04_Mediation - Dispute Resolution and Legal Ethics 04...

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Dispute Resolution and Legal Ethics 04 – Mediation Page 1 of 12 P ART IV M EDIATION 1 A N I NTRODUCTION TO M EDIATION 1.1 Introduction 1.1.1 Alternative Dispute Resolution Alternative dispute resolution (‘ADR’) is a process (other than judicial determination) in which an impartial person assists parties to resolve their dispute. The National Alternative Dispute Resolution Advisory Council (‘NADRAC’) describes three kinds of ADR: ‘alternative,’ ‘assisted’ and ‘appropriate’ dispute resolution. ADR processes can thus be: Facilitative A guided process such as facilitation, mediation, or conferencing Advisory An expert appraisal, mini-trial, or early neutral evaluation Determinative A binding arbitration or expert determination 1.1.2 Mediation Mediation is a form of ADR. Essentially, it is principled negotiation conducted by a third party mediator. Using their assistance, parties negotiate to: Identify the disputed issues; Develop creative solutions; Consider alternatives; and Endeavour to reach an agreement Unlike an advisory or determinative process, the mediator has no advisory or determinative role. The outcome is therefore non-binding except to the extent formally agreed by the parties. According to Folberg and Taylor, mediation is: A process by which the participants, together with the assistance of a neutral person or persons, systematically isolate disputed issues in order to develop options, consider alternatives, and reach a consensual settlement that will accommodate their needs. 1 See further Astor and Chinkin, Dispute Resolution in Australia (1992) 60. 1 Folberg and Taylor, Mediation: A Comprehensive Guide to Resolving Conflicts Without Litigation (1984) 7–8.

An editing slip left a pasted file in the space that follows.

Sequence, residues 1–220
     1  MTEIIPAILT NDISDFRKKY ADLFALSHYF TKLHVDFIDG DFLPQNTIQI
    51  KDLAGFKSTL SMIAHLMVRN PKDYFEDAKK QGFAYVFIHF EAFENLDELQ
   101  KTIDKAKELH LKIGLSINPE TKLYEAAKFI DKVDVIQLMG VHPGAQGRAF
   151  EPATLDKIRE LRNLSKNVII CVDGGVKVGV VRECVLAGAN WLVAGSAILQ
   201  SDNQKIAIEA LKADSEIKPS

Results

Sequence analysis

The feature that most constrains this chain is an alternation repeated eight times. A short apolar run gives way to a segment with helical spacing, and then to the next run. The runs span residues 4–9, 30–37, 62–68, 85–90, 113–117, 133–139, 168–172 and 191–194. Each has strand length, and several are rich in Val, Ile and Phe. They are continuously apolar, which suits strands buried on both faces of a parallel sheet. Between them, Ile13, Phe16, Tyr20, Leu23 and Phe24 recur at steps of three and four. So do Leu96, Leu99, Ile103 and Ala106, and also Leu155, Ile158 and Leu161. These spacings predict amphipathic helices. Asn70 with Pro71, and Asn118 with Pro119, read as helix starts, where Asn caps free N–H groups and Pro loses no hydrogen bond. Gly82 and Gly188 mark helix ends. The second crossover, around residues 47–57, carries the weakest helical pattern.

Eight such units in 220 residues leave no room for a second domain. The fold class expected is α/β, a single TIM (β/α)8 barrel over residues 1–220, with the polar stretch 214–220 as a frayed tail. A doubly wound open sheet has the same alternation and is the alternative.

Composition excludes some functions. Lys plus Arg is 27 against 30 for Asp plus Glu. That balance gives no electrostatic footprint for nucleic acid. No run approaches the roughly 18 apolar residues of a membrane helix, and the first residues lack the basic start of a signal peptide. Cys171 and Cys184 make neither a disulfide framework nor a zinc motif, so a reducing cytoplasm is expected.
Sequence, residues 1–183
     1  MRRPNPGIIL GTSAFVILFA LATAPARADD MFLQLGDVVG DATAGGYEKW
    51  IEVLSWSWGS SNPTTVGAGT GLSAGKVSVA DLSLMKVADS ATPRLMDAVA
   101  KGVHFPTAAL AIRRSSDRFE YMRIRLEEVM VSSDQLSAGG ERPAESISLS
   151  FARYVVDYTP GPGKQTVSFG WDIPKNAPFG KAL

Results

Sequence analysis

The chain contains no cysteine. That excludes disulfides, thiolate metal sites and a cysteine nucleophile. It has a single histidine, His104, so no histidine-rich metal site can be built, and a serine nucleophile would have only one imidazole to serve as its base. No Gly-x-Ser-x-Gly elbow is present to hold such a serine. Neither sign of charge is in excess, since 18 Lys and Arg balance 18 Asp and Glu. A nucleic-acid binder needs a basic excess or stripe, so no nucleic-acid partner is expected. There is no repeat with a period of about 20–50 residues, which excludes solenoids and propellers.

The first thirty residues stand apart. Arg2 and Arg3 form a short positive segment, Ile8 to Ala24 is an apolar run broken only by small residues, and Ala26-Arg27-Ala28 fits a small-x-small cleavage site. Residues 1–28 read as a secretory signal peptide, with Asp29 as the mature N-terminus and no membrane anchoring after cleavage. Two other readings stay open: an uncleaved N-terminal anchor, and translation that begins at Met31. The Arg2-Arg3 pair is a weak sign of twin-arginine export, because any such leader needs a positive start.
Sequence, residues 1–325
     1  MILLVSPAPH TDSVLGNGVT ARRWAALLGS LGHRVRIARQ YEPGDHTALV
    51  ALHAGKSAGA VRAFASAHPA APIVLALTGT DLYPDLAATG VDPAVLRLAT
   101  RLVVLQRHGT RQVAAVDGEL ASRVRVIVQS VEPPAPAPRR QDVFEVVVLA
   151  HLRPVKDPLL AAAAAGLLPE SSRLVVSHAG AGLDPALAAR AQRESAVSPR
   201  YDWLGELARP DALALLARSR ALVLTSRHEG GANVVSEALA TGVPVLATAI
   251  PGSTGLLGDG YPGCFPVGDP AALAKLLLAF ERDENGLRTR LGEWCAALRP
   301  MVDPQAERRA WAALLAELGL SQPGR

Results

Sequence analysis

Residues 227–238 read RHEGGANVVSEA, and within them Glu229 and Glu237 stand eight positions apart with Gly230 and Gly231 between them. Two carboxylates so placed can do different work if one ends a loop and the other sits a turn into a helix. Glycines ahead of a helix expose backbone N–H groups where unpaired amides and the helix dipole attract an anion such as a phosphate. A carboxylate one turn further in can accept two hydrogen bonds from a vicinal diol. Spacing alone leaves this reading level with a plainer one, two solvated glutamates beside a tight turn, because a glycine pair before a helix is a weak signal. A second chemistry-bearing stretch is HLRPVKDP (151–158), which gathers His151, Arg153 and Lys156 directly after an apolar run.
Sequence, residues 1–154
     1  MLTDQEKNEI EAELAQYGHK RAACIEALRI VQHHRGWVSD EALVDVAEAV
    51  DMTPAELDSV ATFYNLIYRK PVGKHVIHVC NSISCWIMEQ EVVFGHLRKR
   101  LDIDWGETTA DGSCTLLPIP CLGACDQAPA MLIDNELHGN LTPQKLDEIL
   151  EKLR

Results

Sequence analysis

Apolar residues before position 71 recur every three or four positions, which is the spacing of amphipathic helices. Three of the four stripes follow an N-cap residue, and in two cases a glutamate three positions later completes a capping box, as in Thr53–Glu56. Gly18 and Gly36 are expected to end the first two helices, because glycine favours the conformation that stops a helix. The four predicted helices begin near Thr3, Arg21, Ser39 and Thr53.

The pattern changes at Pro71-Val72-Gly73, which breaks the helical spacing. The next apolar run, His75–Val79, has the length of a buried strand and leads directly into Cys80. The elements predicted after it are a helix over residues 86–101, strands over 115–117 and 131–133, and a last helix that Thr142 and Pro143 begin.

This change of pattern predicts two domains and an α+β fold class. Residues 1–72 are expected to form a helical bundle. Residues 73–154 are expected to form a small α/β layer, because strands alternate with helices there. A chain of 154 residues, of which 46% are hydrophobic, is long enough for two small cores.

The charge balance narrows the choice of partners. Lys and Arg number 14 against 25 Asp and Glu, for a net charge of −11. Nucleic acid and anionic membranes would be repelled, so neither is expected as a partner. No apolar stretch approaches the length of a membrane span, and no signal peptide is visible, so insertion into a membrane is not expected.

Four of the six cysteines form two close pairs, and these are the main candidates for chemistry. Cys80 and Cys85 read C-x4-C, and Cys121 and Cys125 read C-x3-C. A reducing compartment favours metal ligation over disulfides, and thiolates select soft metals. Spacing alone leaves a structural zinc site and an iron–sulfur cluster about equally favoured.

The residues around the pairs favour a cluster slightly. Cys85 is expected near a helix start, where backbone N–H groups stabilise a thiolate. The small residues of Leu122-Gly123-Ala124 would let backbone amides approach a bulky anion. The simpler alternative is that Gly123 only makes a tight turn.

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Dispute Resolution and Legal Ethics 04 – Mediation Page 2 of 12 1.2 When is Mediation Appropriate? As a general facilitative ADR procedure, the basic presumption is that mediation is probably appropriate. The issue here is whether mediation is likely to be fair and/or successful. Research into the appropriateness of mediation and other forms of ADR has proved inconclusive. A study by Mack has indicated that most research into the established indicia of appropriateness is contradictory or inconclusive. 2 The following factors have been neither shown to necessarily prevent effective ADR nor indicate likelihood of success; however, they may be relevant in some cases: 1 The Parties Capacity of parties to participate safely and effectively on their own behalf o NAB v Freeman : agreement challenged on the basis that Freeman lacked the capacity to participate in mediation o ACCC v Lux : intellectual disability seen as mitigating in favour of mediation (avoiding court for vulnerable parties) o Unmanaged mental illness of intellectual disability may be reason for an advocate to represent the party Willingness to negotiate in good faith o If unwilling or adamant about their version of events, unlikely that they will be able to negotiate cooperatively
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04_Mediation - Dispute Resolution and Legal Ethics 04...

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